CSS NameSpacing ClassName

CSS
February 05, 20222 minutesuserPayal Pansuriya
CSS NameSpacing ClassName

Namespacing can be used in any type of programming language, and the advantages are innumerable. However, with CSS, some of the advantages are not particularly obvious. We will take a look at the two most common namespacing usages in CSS and we will discuss their advantages in more detail.

Variables

Using variables in CSS is the simplest and the most common use. Let’s take a look at the following SCSS example code:

`` // Our common variables

// Fonts $f_arial: Arial, Helvetica, sans-serif

// Colors $c_red: #FF0000; $c_black: #000;

// Z-indices $z_index_back: -1; $z_index_base: 1; $z_index_max: 9999;

// Animation Timings $t_medium_animation: 200ms;

// Breakpoints $b_mobile: 700px; $b_desktop: 1200px; ``

we have defined five different organizational categories:

  • $f_ font and webfont families
  • $c_ color codes
  • $z_ z-indices used throughout the application
  • $t_ animation timings
  • $b_ responsive breakpoints

The biggest advantages of utilizing the organizational categories structure with variables as described above are code clarity and rapid development. This is especially important in large teams where more developers work on the same CSS files. One more notable advantage is added autocomplete feature. Simply by entering a $f in our IDE, we will get an autocomplete list of all declared fonts, or by entering a $b we will get all responsive breakpoints, and so on.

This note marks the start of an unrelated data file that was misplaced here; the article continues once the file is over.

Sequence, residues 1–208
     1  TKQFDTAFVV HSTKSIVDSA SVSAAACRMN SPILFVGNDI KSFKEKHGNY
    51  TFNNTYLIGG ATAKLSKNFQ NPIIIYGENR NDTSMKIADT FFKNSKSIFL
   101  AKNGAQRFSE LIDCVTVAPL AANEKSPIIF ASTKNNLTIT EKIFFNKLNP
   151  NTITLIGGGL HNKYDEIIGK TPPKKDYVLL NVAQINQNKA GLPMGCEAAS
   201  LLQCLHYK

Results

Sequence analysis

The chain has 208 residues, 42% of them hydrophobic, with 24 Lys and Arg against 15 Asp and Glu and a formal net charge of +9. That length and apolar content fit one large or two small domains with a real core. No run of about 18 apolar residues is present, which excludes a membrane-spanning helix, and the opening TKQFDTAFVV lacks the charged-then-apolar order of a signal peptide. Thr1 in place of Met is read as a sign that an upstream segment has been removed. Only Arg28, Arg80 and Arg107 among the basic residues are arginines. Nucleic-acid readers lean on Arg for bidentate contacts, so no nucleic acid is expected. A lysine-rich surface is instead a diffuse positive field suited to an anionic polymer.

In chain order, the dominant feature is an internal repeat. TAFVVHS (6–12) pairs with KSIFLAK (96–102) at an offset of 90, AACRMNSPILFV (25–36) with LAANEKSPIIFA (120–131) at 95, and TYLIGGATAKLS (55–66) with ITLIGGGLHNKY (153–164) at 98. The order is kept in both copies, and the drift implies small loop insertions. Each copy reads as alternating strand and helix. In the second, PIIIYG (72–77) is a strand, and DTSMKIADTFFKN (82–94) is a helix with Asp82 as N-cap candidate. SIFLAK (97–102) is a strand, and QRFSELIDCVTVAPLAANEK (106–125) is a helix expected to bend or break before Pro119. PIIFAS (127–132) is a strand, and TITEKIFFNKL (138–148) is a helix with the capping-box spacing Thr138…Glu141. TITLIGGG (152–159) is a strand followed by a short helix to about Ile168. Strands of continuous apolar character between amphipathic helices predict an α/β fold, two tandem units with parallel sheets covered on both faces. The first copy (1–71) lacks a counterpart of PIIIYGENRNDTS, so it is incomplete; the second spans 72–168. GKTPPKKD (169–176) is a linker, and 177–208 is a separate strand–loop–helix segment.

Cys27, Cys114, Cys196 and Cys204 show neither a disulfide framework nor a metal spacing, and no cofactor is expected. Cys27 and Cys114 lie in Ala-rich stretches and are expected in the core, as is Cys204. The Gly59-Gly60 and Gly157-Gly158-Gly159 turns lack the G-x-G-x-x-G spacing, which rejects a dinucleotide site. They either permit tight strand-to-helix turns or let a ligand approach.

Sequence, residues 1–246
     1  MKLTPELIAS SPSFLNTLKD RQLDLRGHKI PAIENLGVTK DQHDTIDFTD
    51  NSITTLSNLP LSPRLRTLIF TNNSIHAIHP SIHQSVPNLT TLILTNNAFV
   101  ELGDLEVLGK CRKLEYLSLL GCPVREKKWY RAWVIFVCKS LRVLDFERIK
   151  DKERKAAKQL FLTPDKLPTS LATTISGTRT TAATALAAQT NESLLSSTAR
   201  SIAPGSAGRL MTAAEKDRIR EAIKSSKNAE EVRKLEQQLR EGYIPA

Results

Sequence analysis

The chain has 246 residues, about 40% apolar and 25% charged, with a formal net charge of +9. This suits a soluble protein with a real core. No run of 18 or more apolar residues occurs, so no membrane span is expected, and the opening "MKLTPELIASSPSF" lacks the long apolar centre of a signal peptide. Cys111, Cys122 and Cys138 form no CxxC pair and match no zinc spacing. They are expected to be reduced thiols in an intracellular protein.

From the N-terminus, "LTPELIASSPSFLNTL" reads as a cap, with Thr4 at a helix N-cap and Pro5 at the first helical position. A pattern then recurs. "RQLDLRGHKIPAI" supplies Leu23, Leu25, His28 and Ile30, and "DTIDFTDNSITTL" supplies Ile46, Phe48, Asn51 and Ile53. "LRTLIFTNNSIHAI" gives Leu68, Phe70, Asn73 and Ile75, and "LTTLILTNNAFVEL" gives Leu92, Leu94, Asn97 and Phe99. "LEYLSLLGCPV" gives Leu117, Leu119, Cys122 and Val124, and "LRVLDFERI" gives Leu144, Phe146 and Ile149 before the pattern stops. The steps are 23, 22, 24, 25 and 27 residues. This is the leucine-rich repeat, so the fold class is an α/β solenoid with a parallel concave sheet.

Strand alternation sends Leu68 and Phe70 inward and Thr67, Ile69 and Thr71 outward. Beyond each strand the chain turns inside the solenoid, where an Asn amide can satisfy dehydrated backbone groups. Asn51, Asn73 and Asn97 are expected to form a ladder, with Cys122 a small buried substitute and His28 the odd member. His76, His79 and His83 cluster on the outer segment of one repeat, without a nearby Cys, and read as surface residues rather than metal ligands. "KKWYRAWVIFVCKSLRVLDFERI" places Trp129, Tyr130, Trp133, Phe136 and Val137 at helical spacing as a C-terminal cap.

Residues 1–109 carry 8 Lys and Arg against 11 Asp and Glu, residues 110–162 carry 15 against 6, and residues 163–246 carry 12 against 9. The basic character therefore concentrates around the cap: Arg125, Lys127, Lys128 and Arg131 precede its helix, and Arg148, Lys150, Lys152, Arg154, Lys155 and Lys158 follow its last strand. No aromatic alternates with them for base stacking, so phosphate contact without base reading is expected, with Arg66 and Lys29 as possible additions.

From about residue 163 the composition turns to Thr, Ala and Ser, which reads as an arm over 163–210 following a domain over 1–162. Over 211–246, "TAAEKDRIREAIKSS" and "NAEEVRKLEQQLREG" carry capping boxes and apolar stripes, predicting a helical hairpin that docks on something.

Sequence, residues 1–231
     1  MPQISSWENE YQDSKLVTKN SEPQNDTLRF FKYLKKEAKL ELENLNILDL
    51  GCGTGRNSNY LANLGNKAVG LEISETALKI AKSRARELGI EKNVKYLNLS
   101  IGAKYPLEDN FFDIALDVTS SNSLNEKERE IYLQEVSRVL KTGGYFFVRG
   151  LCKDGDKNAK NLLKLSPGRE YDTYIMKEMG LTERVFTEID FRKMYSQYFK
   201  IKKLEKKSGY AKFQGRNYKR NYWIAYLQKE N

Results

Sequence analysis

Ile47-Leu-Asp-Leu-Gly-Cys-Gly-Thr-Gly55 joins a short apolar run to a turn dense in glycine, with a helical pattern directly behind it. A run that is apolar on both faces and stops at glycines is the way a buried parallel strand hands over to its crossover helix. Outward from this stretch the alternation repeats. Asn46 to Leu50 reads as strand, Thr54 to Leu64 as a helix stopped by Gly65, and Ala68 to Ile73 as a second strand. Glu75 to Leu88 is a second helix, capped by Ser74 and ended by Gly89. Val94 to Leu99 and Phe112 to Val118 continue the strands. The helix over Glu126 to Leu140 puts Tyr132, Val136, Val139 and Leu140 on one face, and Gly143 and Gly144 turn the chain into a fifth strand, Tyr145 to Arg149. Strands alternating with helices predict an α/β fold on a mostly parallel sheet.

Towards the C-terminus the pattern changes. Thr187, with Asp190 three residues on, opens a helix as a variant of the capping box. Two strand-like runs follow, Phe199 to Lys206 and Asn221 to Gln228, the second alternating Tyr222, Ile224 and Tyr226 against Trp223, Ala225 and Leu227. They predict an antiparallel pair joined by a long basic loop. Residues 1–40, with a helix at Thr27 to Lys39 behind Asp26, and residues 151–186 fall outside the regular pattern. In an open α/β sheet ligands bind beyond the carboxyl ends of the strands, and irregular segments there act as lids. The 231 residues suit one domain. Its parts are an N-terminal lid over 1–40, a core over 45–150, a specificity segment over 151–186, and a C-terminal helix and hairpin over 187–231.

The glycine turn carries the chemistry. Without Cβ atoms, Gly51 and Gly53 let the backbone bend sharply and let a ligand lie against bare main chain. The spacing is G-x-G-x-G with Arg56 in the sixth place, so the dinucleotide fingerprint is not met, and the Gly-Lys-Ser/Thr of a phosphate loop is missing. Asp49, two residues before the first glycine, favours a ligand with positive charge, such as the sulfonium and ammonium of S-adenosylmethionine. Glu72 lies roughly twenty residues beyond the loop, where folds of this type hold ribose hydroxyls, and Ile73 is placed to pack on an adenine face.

Class Names

The second most common usage of namespacing is by utilizing a CSS class naming. The prefix o- can be used for CSS object class name declarations, while c- can be used for classes. The fundamental distinction between objects and classes is that they may appear more than once in different templates of our design, hence making them harder to meddle with. Separating objects from classes makes it easier for a developer to navigate within a relatively unknown codebase. Another clever concept is to disassociate all the classes solely used in JavaScript with the js- prefix. Finally, is- can define application states such as is-active or is-visible, while u- can prefix utility classes such as u-pull-left.

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